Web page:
Half helmet

As the name suggests, a half helmet is the most minimal of all helmet designs. It is essentially the top half of the helmet, covering the skull and stopping just above the ears. They’re most popular with riders of cruiser and custom bike riders, who love the lightweight, wind-in-your-face feel, but the minimalist design does offer less protection than most.

Worn with a pair of shades, they certainly look cool on a sunny day and give that rebellious look.

Why choose a half helmet? You like the look/feeling. Keeps you cool.

What’s the disadvantage of a half helmet? Less safe than most other designs. Weather protection is minimal.

Flip front

Flip front helmets are supremely practical, offering most of the benefits of a full-faced helmet but have a hinged front section, which can be lifted up when stationary.

These ‘modular’ helmets are popular with working riders, like instructors, couriers and police, who like the fact that they don’t have to remove their helmets and put them back on throughout the day, but they’re well liked by riders of all kinds of bike too.

There are some downsides though. Perhaps it’s due to the association with police riders, but modular helmets do suffer something of an image problem, being seen as a bit fuddy duddy by sports bike riders. They’re typically also a little bit heavier than a traditional full face lid.

Why choose a flip front motorcycle helmet? Practicality. Comfort.

What’s the disadvantage of a flip front motorcycle helmet? Usually heavier than a full-faced helmet and not considered as safe. Style and image is not to everyone’s taste.


As the name suggests, motocross helmets are designed to be worn by competitors in motocross and other off-road disciplines.

The helmet has a peak, which helps keep the sun out of the rider’s eyes and will offer some protection against mud splats. A motocross helmet has a jutting chinbar and if designed to be worn with special goggles, which can be fitted with tear offs – disposable clear visors which can be ripped off on the fly when they get covered in dirt.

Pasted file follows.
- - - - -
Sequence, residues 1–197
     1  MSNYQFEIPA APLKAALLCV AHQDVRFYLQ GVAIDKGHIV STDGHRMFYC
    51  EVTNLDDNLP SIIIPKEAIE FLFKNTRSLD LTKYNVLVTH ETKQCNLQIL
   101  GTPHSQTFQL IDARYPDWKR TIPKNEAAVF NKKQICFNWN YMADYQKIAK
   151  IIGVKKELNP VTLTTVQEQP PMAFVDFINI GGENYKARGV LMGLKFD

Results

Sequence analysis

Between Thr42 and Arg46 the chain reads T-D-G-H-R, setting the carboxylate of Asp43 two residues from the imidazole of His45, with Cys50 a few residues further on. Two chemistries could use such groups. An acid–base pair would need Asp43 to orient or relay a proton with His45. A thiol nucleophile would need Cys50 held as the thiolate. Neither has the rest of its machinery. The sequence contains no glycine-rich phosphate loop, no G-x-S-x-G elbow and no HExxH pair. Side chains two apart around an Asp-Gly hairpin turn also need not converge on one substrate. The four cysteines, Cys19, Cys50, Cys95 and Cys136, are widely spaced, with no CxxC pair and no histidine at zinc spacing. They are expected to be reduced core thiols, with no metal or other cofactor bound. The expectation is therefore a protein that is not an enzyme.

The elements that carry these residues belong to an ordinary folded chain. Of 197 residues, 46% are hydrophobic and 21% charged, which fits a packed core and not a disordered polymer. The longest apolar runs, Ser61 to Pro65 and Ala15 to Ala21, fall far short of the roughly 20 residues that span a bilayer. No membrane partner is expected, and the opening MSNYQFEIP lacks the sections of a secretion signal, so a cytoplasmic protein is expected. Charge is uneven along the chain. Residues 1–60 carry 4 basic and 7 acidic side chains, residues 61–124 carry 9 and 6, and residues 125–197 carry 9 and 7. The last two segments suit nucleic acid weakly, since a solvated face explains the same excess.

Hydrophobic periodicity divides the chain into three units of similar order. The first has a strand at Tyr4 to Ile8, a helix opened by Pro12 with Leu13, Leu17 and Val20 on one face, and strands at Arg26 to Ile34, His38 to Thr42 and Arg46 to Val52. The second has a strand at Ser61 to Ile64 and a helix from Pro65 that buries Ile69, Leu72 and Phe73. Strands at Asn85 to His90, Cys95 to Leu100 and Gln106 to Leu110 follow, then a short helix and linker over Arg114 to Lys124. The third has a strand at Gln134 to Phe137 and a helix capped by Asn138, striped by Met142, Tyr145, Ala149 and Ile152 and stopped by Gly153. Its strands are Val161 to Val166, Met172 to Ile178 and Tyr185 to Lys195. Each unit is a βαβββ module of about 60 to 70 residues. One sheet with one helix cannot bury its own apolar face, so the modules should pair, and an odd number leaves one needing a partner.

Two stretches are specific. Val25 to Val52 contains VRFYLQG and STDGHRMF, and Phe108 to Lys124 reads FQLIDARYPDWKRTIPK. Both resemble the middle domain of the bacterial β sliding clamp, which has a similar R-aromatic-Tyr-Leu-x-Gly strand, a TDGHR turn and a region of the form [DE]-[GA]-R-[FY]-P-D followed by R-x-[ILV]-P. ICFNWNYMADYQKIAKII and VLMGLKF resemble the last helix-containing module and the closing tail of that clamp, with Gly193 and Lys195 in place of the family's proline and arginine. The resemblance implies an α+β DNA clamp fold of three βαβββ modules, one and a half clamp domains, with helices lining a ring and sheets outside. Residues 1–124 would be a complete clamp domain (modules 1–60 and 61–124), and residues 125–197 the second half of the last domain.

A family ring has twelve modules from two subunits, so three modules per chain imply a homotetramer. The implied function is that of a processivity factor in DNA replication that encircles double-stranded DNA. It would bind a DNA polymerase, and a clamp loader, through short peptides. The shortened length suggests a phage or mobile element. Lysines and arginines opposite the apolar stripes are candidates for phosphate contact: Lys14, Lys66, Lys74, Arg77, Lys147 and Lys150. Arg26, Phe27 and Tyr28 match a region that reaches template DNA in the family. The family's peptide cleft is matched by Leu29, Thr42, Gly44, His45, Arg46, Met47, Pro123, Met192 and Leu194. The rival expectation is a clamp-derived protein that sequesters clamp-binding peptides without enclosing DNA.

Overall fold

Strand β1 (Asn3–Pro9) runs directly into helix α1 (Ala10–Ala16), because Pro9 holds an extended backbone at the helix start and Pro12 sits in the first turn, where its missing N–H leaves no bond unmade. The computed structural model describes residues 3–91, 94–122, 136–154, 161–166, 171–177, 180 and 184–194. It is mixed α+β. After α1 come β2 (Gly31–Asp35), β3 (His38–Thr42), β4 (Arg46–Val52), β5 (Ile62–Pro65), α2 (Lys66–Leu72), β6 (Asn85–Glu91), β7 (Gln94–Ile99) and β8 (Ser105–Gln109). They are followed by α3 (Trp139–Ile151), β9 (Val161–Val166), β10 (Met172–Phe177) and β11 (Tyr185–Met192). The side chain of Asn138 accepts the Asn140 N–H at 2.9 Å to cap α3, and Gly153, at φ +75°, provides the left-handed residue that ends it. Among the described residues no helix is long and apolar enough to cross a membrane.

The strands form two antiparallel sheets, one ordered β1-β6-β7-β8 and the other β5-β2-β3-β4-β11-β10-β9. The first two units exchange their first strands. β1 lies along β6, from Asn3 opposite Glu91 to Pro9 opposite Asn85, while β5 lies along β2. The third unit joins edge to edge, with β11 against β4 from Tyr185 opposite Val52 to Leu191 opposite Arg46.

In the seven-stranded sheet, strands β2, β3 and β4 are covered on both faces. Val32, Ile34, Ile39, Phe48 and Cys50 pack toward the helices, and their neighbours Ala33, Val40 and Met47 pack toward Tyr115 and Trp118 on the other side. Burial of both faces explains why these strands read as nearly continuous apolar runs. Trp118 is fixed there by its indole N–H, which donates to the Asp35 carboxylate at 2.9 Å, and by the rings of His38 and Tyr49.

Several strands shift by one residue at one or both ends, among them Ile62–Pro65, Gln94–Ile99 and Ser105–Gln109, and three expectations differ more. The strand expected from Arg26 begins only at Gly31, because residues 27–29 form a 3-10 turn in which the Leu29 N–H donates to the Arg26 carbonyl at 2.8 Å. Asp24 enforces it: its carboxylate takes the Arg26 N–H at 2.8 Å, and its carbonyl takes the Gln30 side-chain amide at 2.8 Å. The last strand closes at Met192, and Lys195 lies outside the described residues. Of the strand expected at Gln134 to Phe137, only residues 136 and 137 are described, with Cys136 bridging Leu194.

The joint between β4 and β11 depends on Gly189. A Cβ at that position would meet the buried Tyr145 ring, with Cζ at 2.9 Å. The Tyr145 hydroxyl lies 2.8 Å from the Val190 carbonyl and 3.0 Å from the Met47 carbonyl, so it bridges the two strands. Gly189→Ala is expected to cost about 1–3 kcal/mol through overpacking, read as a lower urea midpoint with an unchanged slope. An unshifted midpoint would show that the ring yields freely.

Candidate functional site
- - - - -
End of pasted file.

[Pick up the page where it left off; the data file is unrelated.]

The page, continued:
The peak does little for aerodynamics at speed and will probably buffet your head on a long run, but around town they can be popular with some riders.

Why choose a motocross style helmet? You like the look. You want to ride off-road and use goggles.

What’s the disadvantage of a motocross style helmet? Noisy and uncomfortable at motorway speeds.

Dual sport

Dual sport helmets are relatively rare but still command a following with riders of big adventure bikes like the BMW GS and Triumph Tiger models.

These helmets are hybrids and have a peak, like a full-on off-road, motorcycle helmet and a polycarbonate visor like a traditional full face item. Some also have a flip front mechanism for even more flexibility.

In many ways they offer the best (or worst) of all worlds. The rider can remove the visor to create a motocross helmet, or take the peak off to make a regular full face helmet.

Why choose a dual sport helmet? You want to go touring, and take in some green laning at your destination. You like the look. Good for occasional off road riding.

What’s the disadvantage of a dual sport helmet? Can be noisy and uncomfortable at motorway speeds, especially if the peak is fitted. Usually expensive.